Romcoms are the order of the day now. Every new director wants to ideally begin with a love story that is light and fun, just like the various mushy movies that Hollywood churns out regularly. And while the debuting movie may not do wonders at the box office, there will always be a section of the youth that will buy a ticket to watch it.
Especially if it releases just after Valentine's Day. With romance in the air, and Vivek Oberoi still playing cute-boy-next-door characters, Jayantabhai Ki Luv Story may just become a popular romantic comedy this year.
Jayantabhai (Vivek Oberoi) is a gangster, or rather, a Bhai. His "bhaigiri" is the stuff that small-time legends are made of. In short, he is dangerous. Enter Simran (Neha Sharma), the girl who left her hometown because she is ambitious and wants to make it big in Mumbai. Jayantabhai does not know what to make of his new neighbour, and Simran is equally curious about this man-child next door.
Opposites attract, and after a series of not-so-funny scenes, obstacles, play-acting and some romance, the two are in love. Now the real problem: which "self-respecting" woman would go out with a criminal? And which "self-respecting" gangster would not
help the woman he is in love with? One of them has to 'turn' (to borrow from popular teen vampire romances), and accept the other's ideals and morals.
The villain coming into the scene just when everything seems to be peachy does not help. And yes, there is the girl's father to contend with.
As far as stories go, this is a straightforward and conventional one. The director has shown considerable maturity in the way certain scenes are handled. The tricky part is the screenplay, which, in this case, reeks of overindulgence and lack of structure. The one-liners and situations in the first half may get you to smile, at most, but the second half drags so much that you may just find yourself snoring.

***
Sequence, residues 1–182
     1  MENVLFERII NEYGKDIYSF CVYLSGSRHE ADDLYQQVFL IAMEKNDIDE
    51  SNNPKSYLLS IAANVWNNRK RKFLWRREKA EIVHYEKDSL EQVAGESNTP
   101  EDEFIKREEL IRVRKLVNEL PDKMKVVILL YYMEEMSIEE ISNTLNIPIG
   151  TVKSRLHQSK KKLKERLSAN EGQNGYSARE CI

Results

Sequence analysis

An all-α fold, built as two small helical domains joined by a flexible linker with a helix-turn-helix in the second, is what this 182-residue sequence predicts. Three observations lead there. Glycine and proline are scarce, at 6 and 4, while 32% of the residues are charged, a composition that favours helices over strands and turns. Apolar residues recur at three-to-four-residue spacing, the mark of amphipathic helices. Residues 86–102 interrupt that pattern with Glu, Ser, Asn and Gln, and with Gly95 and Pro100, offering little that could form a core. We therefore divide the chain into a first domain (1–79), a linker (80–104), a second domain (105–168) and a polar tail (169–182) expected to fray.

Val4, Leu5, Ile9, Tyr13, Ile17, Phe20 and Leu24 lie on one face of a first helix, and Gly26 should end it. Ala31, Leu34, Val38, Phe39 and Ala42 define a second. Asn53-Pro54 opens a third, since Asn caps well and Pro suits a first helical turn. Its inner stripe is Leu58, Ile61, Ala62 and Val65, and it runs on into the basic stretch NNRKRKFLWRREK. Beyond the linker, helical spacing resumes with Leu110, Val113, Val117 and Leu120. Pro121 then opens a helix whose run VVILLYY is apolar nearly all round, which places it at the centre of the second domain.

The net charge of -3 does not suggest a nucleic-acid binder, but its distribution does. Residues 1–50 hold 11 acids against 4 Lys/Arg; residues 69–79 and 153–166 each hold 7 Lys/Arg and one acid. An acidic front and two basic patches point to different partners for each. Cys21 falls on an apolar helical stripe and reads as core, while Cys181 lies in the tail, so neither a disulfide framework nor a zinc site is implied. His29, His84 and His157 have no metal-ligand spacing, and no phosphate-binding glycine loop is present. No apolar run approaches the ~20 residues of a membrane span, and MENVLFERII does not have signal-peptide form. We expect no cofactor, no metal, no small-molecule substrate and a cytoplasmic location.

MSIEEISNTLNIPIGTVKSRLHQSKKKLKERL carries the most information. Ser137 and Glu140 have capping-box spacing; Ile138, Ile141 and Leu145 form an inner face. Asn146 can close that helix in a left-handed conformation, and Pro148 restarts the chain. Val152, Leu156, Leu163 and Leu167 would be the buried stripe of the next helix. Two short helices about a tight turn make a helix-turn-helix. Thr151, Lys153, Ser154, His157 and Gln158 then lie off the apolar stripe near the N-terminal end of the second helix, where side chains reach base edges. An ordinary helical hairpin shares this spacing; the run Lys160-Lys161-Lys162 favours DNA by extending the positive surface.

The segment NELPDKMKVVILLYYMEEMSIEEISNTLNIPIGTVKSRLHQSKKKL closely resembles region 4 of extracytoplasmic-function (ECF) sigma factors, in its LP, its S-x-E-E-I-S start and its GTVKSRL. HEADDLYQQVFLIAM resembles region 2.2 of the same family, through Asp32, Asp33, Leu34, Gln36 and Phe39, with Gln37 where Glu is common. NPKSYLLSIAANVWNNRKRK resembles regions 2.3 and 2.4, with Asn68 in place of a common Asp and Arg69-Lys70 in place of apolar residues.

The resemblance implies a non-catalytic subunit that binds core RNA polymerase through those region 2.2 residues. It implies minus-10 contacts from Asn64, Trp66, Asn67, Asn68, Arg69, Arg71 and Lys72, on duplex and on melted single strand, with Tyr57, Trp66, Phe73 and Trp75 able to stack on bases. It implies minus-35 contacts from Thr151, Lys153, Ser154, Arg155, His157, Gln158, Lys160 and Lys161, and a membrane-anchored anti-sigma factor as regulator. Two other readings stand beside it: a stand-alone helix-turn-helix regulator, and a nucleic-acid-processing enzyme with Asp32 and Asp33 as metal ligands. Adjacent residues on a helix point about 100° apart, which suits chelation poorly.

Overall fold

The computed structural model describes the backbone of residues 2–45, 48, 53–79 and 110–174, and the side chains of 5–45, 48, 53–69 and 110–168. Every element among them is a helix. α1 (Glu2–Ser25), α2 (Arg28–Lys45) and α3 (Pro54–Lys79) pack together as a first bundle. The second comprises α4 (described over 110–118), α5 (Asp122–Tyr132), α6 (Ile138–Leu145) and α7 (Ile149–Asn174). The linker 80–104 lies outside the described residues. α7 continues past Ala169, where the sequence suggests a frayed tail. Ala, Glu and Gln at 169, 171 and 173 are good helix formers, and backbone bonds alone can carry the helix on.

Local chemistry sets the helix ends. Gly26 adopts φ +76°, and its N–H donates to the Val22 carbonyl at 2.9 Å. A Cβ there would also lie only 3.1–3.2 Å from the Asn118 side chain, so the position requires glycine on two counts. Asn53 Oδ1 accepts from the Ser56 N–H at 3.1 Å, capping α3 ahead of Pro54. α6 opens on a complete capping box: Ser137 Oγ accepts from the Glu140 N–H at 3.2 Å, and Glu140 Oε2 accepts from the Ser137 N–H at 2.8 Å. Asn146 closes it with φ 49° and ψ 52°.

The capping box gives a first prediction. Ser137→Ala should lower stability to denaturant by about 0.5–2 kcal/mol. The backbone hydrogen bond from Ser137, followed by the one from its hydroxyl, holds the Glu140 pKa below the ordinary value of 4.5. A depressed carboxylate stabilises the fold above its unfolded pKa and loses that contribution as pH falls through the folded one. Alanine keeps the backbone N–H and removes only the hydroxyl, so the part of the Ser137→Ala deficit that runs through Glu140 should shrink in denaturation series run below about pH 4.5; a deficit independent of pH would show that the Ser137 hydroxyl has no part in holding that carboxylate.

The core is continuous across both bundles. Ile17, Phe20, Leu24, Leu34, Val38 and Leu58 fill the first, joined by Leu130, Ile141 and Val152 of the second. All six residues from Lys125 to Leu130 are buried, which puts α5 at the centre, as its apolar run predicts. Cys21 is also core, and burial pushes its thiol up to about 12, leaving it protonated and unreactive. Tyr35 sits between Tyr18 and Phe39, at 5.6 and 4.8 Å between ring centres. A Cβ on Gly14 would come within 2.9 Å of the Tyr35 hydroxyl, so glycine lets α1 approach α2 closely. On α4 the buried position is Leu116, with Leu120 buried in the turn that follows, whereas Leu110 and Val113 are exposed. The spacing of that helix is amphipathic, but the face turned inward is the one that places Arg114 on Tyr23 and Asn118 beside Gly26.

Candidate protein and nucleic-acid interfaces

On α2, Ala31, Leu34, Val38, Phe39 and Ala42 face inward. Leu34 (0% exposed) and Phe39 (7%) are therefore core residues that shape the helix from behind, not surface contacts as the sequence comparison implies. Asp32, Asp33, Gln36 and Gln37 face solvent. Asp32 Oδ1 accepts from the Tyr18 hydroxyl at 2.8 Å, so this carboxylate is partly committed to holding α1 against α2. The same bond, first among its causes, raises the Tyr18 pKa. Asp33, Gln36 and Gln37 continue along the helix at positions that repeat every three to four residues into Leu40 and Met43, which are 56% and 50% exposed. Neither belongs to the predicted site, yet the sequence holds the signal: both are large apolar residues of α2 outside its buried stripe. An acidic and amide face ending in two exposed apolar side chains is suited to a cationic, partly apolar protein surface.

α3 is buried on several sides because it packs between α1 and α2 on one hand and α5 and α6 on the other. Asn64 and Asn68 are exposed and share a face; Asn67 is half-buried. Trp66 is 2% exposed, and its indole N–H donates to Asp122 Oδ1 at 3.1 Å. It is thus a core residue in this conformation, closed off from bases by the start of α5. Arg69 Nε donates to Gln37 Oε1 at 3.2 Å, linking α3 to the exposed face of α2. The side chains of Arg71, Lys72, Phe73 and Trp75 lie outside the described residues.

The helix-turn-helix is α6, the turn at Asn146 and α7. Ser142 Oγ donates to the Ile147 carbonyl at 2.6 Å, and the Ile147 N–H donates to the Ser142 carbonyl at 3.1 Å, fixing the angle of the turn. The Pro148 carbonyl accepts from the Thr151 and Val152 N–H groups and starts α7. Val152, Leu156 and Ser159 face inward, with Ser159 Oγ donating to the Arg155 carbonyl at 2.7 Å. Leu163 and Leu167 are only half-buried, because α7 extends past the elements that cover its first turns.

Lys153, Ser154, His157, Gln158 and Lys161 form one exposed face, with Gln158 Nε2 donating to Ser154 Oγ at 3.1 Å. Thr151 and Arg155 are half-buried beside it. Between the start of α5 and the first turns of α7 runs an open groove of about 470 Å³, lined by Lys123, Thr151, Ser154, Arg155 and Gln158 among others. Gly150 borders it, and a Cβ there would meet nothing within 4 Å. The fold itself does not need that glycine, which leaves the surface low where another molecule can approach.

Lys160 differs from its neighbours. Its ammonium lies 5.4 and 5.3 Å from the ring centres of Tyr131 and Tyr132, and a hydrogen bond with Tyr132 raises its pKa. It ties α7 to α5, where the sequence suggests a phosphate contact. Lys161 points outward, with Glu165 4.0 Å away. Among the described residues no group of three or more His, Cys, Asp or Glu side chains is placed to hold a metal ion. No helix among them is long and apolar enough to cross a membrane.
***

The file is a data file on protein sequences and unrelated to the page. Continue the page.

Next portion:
It is apparent that the lead role was written for Vivek Oberoi. He brings in his experiences from Saathiya, Company
and Shootout At Lokhandwala
in an attempt to mix menacing thug with loverboy in a convincing manner. Unfortunately, despite the sincerity (and the Munnabhai
-type dialogue delivery), he can only be one, and he is a better bhai than a Romeo. He shows flashes of extreme confidence and talent, but his character is rather sketchy.
Neha Sharma is irritating, period. She is unconventionally pretty, and sure of herself, so her screen presence is not the problem. Maybe her character was not clearly defined, and she had to rely on her understanding of a "spirited young girl" to play this role - whatever the reason, she is not the ideal Simran to Vivek Oberoi's Jayantabhai. The chemistry between the two appears in small flashes, but is not sustained.
The other actors are unnecessary in this movie, which can be forgiven, given that it is a pretty love story with no intense moments. Nasser as the main villain, however, should have been given more screen time. His act as the one threat in the whole movie should have been enhanced and maybe explained. Just when you begin
to cower in fright, he disappears.
This is not Sachin-Jigar's best work, but the songs are welcome distractions. Atif Aslam makes a special appearance in one of the videos. The cinematography is not much to write home about, and neither are the costumes. The production design is, for lack of a better word, filmy, very filmy, and works for the movie.
Jayantabhai Ki Luv Story is no Love Actually
or even Jab We Met
, but it may just be a good way to kill the post-Valentine blues this weekend. Just remember that you may find yourself sleeping with your mouth open, and that may be embarrassing for your date. It is a movie made for college students, who may just accept it as "the movie of the season", for lack of better romcoms.